Election 2017 will see New Zealand’s growing ethnic communities play a greater role than ever in choosing the next government. Ahead of the final leg of the campaign, Don Rowe is speaking to the editors of their leading newspapers. Today he talks with David Soh, editor of the Mandarin Pages.
How are you planning to cover the election?
We have opinion pieces and regular columns, not so much of a full systematic campaign, but we have two writers following current events and writing responses to that. We follow the news closely, and it’s obviously quite busy at the moment with the changing of the Labour leadership and what’s happening with the Green party.
We also had Bill English drop by last week, we had an interview, more of a personal interview than a serious one, and I think he enjoyed it. We knew he was an English literature major so we asked him to recite a poem, you know ‘a poetic PM’, but he said he hadn’t written any poems. His son has three books of poems though and he said we should translate it into Mandarin. We also spoke about family in reference to Jacinda Ardern and the baby question, and I think he was a little bit surprised, and so he revealed a few personal things. He said his wife Mary is the strong personality in the family, and my colleague said she’s a tiger mother and he knew the Mandarin term for that. So that was how the interview went, we’re only a small community newspaper and so we don’t try to make it too serious.
We also translate a lot of news and we try to be very prompt. The news about Metiria Turei and the two Green MPs who threatened to resign was in our paper the next morning, for example. We also put that on our website and on WeChat, which is like a hybrid of Facebook and Twitter.
What issues aren’t the mainstream media covering that are important to the Chinese community?
The Chinese community is especially interested in immigration and law and order. We’re also interested in what exact issues the politicians are campaigning on. The Chinese community is concerned about the same issues as other ethnic communities, for example Winston Peters – he’s a popular guy with a popular party among the older people, because of the Gold Card. New Zealand First produced something. A lot of people do not like the Greens, especially now. What Greens are remembered for is the anti-smacking bill.
But the major issue is immigration, and the family reunion. Most people sense that the government is going to tighten immigration for the good of the country, in terms of costs and the burden on infrastructure and health. That’s what we think Bill English will do. He won’t say it now, but if he returns to government again, that’s what he’ll do. It’s more sensible. So the Chinese community are concerned.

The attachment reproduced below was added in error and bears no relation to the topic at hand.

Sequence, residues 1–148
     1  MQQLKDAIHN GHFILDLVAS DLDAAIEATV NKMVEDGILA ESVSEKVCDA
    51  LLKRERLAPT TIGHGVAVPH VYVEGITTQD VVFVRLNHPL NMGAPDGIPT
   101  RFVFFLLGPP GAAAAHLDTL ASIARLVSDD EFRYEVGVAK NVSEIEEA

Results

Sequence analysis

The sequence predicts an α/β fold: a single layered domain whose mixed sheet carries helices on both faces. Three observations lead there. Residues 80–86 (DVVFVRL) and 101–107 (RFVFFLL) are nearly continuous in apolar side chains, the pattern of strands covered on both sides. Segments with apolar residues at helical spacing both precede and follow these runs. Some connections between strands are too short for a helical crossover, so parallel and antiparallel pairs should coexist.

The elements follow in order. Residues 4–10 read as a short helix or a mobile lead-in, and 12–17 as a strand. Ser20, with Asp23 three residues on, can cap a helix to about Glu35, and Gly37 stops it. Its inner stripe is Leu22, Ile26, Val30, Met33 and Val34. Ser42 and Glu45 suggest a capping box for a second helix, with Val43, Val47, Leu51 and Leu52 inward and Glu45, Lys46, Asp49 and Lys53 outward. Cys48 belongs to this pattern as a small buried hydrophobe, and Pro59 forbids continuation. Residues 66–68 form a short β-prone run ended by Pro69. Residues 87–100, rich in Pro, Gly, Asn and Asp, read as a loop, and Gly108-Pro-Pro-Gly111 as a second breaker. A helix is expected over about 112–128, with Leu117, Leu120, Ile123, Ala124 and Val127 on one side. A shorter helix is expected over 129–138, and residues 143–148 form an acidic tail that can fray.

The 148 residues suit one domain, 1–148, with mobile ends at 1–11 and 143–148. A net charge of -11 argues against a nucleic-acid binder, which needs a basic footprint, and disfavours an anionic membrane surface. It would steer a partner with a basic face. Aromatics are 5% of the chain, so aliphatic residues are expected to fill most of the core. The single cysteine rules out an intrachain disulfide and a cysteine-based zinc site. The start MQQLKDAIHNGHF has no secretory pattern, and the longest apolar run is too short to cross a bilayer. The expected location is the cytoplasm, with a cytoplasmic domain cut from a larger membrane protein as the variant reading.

That’s dependent on National winning though. Do you think the Chinese community are more likely to side with National?
I think National are definitely the most popular party. If you look at the percentage in the mainstream it’s around 45%, and 25% to Labour. In the Chinese community it’s over 60% and less than 19% for Labour. We actually did a poll last election and New Zealand First had 5%, National had 65% and Labour less than 20%.
Who is doing the best job communicating to your community? And what are National doing so well?
I think one reason has a lot to do with the MPs. National have Chinese politicians. Also the Labour party seems to be very disconnected with Chinese voters. Phil Goff, David Shearer, David Cunliffe, Andrew Little all seemed very disconnected. That is a big reason. But Bill English visited all the Chinese media. He’s been to my office twice already. Prior to that it was John Key. And you get out what you put in. You reap what you sow. Also aside from that, Labour just aren’t doing well. As a whole they are failing as a political party. National are more stable, they’re more convincing, and they perform way better.
But the migrant community is growing, even the Māori party have a Chinese candidate now, also there’s The Opportunities Party with Gareth Morgan, as well as all the deals going on between the parties, so it’s very interesting.
This content is entirely funded by Simplicity, New Zealand’s only nonprofit fund manager, dedicated to making Kiwis wealthier in retirement. Its fees are the lowest on the market and it is 100% online, ethically invested, and fully transparent. Simplicity also donates 15% of management revenue to charity. So far, Simplicity is saving its 7,500 members $2 million annually. Switching takes two minutes.
The views and opinions expressed above do not reflect those of Simplicity and should not be construed as an endorsement.
The Spinoff politics section is made possible by Flick, the electricity retailer giving New Zealanders power over their power. With both spot price and fixed price plans available, you can be sure you’re getting true cost and real choice when you join Flick. Support us by making the switch today.
The Spinoff Daily gets you all the days' best reading in one handy package, fresh to your inbox Monday-Friday at 5pm.